I think these experiences come out in my writings. "The Stonegate Sword" mostly takes place within one hundred miles of my place of birth, which was a lonely log cabin near the Colorado river. I think my upbringing allows me fill my writings with touches of authenticity that I could have not added from library research.
What's the story behind your latest book?
The latest book is called "The Stonegate Sword." It takes place about a century in the future, after a plague and a collapse of society has nearly depopulated North America. After decades of After recovery, the society is in some ways similar to the medieval period in Europe. There is a common language, related to English. Many of the crafts and trades found here would be familiar to our ancestors. But with the progress beyond subsistence existence, the old scourge of mankind, war, also makes a reappearance.
The hero is Donald of Fisher, who was trained as a scholar, and who enjoys the quiet life of study and reflection. But dark forces are at work, which soon plunge him into combat against Raiders from the west. The love of his life is captured by them, due to his own bad judgment, and he begins a solitary quest to rescue her or die in the attempt.
It is story of war and turmoil, lessons learned and consequences faced, love and romance, courage and bravery. I think I it is a good yarn, but of course I may be a bit biased.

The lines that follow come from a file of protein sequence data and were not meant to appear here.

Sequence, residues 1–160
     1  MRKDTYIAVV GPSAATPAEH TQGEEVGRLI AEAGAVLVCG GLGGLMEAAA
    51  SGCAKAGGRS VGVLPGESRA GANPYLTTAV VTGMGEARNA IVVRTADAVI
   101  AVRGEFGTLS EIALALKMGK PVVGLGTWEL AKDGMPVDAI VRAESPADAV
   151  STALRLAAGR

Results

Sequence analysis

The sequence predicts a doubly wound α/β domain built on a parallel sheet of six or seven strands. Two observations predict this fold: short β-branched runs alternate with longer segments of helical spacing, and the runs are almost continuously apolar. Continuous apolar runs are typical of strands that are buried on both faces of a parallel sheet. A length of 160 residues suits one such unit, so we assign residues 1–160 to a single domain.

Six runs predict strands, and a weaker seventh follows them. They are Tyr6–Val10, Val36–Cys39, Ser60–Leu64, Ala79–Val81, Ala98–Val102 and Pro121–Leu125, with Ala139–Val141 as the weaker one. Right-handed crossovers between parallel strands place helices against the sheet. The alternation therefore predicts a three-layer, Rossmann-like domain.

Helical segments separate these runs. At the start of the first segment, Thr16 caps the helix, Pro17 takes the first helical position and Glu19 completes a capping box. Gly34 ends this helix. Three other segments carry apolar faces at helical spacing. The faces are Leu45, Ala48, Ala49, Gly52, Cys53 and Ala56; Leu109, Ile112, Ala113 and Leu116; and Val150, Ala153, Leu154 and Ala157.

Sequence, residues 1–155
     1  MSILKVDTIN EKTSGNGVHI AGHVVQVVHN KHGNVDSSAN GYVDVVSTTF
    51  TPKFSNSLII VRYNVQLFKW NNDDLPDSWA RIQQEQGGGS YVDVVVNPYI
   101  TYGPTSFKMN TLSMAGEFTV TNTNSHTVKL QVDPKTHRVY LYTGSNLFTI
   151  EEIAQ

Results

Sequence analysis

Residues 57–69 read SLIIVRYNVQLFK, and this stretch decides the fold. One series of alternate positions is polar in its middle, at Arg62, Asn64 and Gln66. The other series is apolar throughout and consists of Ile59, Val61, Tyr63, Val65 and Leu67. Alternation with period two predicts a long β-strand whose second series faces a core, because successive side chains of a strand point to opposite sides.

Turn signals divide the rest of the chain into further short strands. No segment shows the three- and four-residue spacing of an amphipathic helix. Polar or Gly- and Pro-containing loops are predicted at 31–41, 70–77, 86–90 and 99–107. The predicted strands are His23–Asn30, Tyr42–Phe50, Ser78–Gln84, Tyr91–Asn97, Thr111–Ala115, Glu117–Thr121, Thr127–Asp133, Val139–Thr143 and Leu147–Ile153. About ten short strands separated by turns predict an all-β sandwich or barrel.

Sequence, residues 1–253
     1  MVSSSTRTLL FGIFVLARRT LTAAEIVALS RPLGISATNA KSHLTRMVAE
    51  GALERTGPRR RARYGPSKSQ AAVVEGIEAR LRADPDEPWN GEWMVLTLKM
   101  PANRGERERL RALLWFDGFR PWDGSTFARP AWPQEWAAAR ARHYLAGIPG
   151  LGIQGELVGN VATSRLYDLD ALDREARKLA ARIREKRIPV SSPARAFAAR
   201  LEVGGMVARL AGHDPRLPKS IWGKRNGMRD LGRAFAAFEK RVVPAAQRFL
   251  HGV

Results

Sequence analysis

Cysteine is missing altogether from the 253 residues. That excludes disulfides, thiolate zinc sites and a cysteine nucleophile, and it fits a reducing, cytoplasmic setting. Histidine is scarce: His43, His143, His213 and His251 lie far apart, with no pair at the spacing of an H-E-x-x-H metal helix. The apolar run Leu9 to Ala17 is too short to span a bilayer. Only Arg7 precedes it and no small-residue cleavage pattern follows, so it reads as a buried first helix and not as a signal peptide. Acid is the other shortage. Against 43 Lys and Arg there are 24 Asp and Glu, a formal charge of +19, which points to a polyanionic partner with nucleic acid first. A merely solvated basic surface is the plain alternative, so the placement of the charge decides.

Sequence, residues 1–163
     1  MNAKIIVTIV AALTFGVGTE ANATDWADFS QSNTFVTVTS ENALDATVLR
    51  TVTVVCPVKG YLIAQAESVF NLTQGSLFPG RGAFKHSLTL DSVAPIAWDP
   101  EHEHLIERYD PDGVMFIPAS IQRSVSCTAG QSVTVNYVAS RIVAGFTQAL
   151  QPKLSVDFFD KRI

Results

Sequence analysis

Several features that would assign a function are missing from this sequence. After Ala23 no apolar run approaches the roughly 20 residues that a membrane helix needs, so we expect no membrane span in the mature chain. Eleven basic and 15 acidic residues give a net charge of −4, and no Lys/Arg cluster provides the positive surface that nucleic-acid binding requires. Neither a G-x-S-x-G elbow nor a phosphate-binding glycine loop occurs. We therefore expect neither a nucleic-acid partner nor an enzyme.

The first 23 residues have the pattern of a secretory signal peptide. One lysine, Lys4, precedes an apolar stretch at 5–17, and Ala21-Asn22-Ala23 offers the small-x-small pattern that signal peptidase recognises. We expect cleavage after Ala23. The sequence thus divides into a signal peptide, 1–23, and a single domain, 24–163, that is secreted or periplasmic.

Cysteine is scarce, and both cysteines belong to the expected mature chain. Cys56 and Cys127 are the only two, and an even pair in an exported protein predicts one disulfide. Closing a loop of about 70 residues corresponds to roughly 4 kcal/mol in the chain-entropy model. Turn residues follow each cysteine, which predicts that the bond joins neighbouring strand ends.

What motivated you to become an indie author?
I tried publishing books through the traditional route, and learned that this is very difficult. My hat is off to all those that have struggled their way through this process, but I finally gave up. I looked at vanity publishing, but decided that it was too expensive, and I did not want to have a couple of thousand books gathering dust in my garage.
Then I discovered that the technology had progressed to the point that one did not have to use either of these two routes to publication. So I investigated print-on-demand printers, taught myself to use Adobe InDesign, and became my own publisher. I am under no illusions that this is my ticket to financial independence, but I have had fun learning new things. And there is certainly a thrill in seeing your own creation coming out of the box, with your title and name on the cover. It is also fun to see you works for sale in on-line retailers.
Published 2015-02-13.
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Books by This Author

The Stonegate Sword
Price: $1.99 USD. Words: 184,830. Language: English. Published: February 13, 2015. Categories: Fiction » Christian » Futuristic
(4.50)
The Old Empire is gone. But tales still tell of marvels from long ago. A new time of troubles now threatens. Donald of Fisher, outcast and alone, is in the path of the march, searching for Rachel, who has been captured by the Raiders—minions of the Prophet. But how can he find and rescue one small captive in a wilderness teeming with enemies? What can one person do in the face of war?